The World Health Organization has acknowledged the shortcomings of conventional public toilet design, distributing advice on safe hand washing that instructs users that in order to be protected from the virus
The global pandemic has exposed fundamental flaws in the use of public toilets which directs human to maintain hygiene etiquette.
The outbreak calls for serious rethinking in the building codes and design to all the future structures complying with infection control measures, according to public health experts, designers and architects, reported The Guardian.
Some of them suggested, innovations include a greater uptake of sensor taps, fully self-cleaning cubicles, designing exits that don't require human contact, and having bathroom attendants. After an individual is done with these, washing hands with sanitiser might also become an essential rule.
Proponents of these ideas said, they would improve hygiene by minimising the amount of exposure to potentially infected surfaces and also boost public confidence in the cleanliness of public conveniences, with some arguing the net effect would even be good for the post-pandemic economic recovery.
The World Health Organization has acknowledged the shortcomings of conventional public toilet design, distributing advice on safe hand washing that instructs users that in order to be protected from the virus.
Peter Collignon, a professor of infectious diseases and microbiology at the Australian National University said, the surfaces of taps and doors are a problem in public bathrooms, particularly in relation to viruses shown to be present in faecal matter.
"The major way coronavirus is transmitted is via respiratory droplets, so you can catch it off surfaces that your hands touch ... There are other ways, it can even carry in faeces too. About 60% of patients show that," Collignon said.
"We need to have public bathrooms open up as lockdowns ease, but the more non-touch we have the better. Taps that you activate by sensor need to be considered," he added.
Collignon said, infection control is not a priority in building design, and more input is needed from health professionals.
"Infection control and protections should be as vital to bathroom design as fire safety. You can't design anything these days without fire safety in mind, but when it comes to infection prevention, well, when you have to save some money, that often gets compromised. Because it's about time we have a standard code for infection control when building. There's a cost in not doing this."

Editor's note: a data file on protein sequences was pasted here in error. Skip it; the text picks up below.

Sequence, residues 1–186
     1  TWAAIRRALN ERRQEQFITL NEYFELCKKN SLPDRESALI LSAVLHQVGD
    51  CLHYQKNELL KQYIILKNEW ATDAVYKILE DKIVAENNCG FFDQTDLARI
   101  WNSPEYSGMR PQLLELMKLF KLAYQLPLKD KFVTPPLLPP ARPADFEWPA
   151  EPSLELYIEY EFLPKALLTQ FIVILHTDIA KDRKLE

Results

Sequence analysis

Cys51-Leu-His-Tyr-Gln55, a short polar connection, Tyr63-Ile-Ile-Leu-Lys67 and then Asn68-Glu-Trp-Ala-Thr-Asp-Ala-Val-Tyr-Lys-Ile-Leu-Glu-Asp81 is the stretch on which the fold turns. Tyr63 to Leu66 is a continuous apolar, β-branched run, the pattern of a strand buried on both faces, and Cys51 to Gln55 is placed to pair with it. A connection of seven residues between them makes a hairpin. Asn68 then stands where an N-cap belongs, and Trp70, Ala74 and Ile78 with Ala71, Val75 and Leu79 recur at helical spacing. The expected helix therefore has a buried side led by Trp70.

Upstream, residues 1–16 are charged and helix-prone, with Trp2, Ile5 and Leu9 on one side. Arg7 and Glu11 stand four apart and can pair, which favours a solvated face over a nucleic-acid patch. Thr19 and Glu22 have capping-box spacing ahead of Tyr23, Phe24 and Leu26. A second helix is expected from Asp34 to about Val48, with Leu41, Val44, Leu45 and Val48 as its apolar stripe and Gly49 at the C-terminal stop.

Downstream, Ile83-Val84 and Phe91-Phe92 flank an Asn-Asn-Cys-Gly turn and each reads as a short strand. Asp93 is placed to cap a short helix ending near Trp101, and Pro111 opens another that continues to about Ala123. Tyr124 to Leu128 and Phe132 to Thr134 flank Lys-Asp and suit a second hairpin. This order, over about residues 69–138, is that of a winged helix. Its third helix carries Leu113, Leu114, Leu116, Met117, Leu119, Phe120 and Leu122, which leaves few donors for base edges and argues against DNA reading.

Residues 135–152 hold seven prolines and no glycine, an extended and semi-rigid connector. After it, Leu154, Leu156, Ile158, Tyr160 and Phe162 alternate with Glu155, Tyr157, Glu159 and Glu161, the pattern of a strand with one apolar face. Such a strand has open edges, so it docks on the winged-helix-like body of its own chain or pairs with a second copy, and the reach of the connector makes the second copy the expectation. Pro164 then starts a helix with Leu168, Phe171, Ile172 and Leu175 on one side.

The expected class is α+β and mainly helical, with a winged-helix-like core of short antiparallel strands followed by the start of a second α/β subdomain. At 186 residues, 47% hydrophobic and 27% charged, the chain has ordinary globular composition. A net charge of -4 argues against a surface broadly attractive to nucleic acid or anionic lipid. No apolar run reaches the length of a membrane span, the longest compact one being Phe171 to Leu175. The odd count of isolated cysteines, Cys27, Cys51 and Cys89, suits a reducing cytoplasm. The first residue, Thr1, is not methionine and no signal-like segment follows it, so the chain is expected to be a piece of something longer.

Sarah Bookman, who investigated the political and cultural implications of public toilets in her thesis for Auckland University, believes there are inherent design issues with the hygiene of these facilities that "can no longer be neglected".
"To have washing your hands designed around using a paper towel to turn the tap off. There's going to have to be other solutions in the future … Using taps and flushes with lots of sensors will become more important after Covid-19."
Bookman, who has worked on public bathroom design at prominent New Zealand architecture firm Studio Pacific said, ensuring significant and visible hygiene improvements to bathrooms can even lead to a stronger post-pandemic economic recovery.
As social restrictions are gradually lifted, Bookman said, people will be hesitant to treat public spaces as they previously did, and that in the case of public toilets, this will affect how much time they spend away from their home.
"If you're not able to use public bathrooms, that limits your time outside ... In order to get people back into public life, you want people to go out again. It's good for the economics of the city."
She said, those who will rely on public bathrooms as lockdowns are eased are mostly those on lower incomes, essential workers and homeless people.
"In cities with poor public bathroom facilities, people tend to go to a restaurant, especially in countries like the US, to use their bathroom. That's just not a viable option, especially in a pandemic."
Bookman acknowledges new measures will be costly but says they will save money in the long term.
"Normally you can't put a cost on safety, but now after the economic hit of coronavirus, we probably can, because if you don't have good hygiene in public bathrooms, and minimise the spread of the disease, you can get a pandemic."
"We've almost got this little opportunity from the pandemic where people are going to listen and going to change. What we do now to fix public bathrooms, people will actually follow."